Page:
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Practical advice on hand hygiene

Introduction

Hand hygiene is widely acknowledged to be the single most important activity that reduces the spread of infection. Hand hygiene should be performed immediately before and after every episode of hands being contaminated.

There are four aspects to quality hand hygiene:

  1. Hand cleansing – The fundamental step in hand hygiene is best practice. Apart from cleaning any visible soiling from hands, the physical action of good hand washing technique will remove high levels of bacteria and viruses also present on the skin.
  2. Hand sanitising – Very useful in reducing bacterial counts on visibly clean hands when access to soap and water are not available.
  3. Hand drying – It is important for optimum hygiene to dry hands thoroughly using absorbent disposable hand towels after washing, because some bacteria remain on hands after washing, and these bacteria are more easily spread via wet hands than dry ones.
  4. Hand moisturising/rebalancing – Good skin condition is an important element in ensuring good hand hygiene practice, and moisturising is the most important step in maintaining healthy skin condition by keeping the skin soft and supple and avoiding dryness, soreness, and cracking, especially when hands are washed frequently.

When to cleanse and when to sanitise

There needs to be more education and awareness regarding the appropriate use of soap and water and alcohol-based hand sanitisers. There must be a clear understanding of how and when these different applications should be used.

Hand cleansing using the correct technique, with a mild soap and water and then dried with a disposable absorbent paper towel, is the best policy to help prevent the spread of germs and for cleaning visible dirt from hands as well as many bacteria and viruses.

Hand sanitising with an alcohol-based sanitiser with a minimum of 60 percent alcohol as an active ingredient can be a very good substitute provided hands are not actually dirty, for use without water, to kill germs and provide a high level of hand hygiene and skin disinfection on visibly clean hands.

The World Health Organization (WHO) claims that: “Hand sanitising may be of benefit when used after hand cleansing but it should not be regarded as a substitute for soap and water since sanitisers will not remove any contamination from the hands. It should therefore be remembered that alcohol sanitisers are not suitable for use on hands that are dirty, contaminated and soiled, e.g. faeces and secretions, or during outbreaks of diarrhoeal illness, e.g. Norovirus and C diff. In these instances, washing hands with mild soap and water is necessary.”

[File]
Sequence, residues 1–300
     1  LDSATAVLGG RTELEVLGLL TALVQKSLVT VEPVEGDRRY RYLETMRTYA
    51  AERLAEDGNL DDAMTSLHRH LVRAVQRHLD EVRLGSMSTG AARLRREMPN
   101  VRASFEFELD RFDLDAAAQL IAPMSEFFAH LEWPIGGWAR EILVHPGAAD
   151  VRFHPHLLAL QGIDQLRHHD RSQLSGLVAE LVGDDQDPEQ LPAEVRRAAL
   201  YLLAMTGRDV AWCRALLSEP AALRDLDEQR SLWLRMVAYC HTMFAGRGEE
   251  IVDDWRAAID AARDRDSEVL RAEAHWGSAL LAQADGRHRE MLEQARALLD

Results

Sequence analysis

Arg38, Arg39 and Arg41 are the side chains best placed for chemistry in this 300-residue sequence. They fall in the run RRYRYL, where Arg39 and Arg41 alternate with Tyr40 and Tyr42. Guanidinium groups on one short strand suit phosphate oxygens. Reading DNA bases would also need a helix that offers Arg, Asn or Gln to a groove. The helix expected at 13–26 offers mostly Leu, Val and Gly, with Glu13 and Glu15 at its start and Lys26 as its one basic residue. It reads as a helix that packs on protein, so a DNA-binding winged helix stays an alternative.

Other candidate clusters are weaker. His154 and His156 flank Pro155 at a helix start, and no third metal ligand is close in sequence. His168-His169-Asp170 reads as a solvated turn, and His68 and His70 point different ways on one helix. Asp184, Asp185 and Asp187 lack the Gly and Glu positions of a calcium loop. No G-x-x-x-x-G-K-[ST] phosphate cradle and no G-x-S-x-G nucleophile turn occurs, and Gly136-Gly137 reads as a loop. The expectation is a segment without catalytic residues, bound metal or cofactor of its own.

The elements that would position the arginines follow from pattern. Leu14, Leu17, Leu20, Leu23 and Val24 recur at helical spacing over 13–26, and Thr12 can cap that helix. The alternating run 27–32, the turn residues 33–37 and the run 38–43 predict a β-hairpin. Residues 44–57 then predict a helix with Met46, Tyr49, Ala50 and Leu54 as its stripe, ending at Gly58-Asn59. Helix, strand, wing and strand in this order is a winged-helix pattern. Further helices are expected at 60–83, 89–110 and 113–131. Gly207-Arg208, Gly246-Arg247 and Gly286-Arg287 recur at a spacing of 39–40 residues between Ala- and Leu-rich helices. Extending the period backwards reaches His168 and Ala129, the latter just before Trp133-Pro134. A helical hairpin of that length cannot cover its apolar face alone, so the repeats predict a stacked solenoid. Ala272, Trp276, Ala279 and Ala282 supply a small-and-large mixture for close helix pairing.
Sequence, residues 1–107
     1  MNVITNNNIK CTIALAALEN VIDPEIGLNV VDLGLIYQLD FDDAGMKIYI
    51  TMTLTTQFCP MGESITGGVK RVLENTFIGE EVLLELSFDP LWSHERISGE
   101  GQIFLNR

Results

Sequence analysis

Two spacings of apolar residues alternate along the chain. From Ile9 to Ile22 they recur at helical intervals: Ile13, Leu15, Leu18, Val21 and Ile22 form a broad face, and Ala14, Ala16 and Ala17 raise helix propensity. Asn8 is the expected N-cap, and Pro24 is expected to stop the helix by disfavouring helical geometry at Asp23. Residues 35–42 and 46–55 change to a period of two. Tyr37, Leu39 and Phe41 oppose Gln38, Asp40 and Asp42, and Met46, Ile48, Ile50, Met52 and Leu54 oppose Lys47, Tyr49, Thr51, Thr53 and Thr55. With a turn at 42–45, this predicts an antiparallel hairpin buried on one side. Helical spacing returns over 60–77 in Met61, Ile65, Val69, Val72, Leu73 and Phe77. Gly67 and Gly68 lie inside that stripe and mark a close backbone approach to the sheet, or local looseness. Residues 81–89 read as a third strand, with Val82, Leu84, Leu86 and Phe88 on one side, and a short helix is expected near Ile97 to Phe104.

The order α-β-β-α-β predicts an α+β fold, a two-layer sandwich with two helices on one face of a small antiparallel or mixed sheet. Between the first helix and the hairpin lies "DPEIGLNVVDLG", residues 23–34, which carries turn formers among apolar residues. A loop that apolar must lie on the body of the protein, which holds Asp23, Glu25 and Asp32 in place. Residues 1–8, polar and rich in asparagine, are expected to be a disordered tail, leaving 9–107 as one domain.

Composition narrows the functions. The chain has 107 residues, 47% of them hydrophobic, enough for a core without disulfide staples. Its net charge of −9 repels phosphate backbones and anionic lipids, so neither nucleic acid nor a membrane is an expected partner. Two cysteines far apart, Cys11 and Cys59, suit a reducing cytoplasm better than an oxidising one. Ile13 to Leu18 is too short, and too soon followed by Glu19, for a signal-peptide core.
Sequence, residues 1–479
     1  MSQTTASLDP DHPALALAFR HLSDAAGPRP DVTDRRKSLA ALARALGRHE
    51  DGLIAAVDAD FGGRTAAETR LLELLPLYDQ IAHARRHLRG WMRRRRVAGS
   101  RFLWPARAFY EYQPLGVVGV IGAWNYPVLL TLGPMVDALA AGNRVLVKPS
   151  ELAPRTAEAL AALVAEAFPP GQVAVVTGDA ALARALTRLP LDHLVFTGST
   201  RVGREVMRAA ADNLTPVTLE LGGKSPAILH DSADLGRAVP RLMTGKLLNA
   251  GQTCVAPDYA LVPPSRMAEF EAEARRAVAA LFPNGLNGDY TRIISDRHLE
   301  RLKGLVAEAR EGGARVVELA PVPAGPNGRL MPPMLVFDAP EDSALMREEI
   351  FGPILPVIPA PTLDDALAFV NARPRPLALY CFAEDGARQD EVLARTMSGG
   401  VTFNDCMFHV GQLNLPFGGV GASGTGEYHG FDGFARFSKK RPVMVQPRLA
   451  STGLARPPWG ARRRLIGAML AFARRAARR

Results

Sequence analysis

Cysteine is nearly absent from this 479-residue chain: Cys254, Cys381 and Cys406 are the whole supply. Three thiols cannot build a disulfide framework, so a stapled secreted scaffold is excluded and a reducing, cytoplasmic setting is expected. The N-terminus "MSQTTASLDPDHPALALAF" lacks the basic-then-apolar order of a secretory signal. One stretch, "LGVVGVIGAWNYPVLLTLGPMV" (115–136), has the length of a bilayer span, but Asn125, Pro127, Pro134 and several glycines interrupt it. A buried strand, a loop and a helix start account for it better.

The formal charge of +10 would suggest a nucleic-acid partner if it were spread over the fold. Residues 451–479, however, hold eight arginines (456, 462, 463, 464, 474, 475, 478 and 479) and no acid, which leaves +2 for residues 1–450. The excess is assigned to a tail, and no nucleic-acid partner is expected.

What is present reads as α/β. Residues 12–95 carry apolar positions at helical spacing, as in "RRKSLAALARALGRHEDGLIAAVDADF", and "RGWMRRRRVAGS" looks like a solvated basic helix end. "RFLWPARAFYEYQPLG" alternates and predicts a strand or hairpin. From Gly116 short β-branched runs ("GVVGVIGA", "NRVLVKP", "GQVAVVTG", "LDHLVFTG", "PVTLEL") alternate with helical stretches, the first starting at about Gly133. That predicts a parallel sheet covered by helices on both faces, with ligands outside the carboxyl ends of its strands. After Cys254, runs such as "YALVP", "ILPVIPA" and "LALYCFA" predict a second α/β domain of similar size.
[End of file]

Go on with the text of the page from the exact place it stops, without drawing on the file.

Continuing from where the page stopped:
Washing hands image

What type of soap and sanitisers do I need to be using?

There is a common misconception that anti-bacterial soaps provide a better level of protection than ordinary soaps and therefore should be used widely. In reality, infection control nurses advocate that the use of a mild soap (preferably dermatologically tested) that is kind to the hands and therefore encourages regular hand washing, coupled with good hand washing technique, is much more important than the use of an antibacterial soap.

In a study which split a thousand households into two groups, one group received anti-bacterial cleaning soaps and the other plain soaps. Neither the researchers nor the participants knew which type of soap they were using. “In terms of infection rates and sickness, we found absolutely no difference between anti-bacterial soap and regular soap,” said Dr Elaine Larson, Director of the Centre of Disciplinary Research on Anti-Microbial Resistance at Colombia University.

Antibacterial soap is not recommended for wide use, as there is a concern that germs will develop resistance and those using it will become lazy from using high-tech soaps. It is however recommended that antibacterial soap is to be used in certain high-risk areas such as food preparation and handling areas, in surgical conditions, treatment rooms, and clinical areas.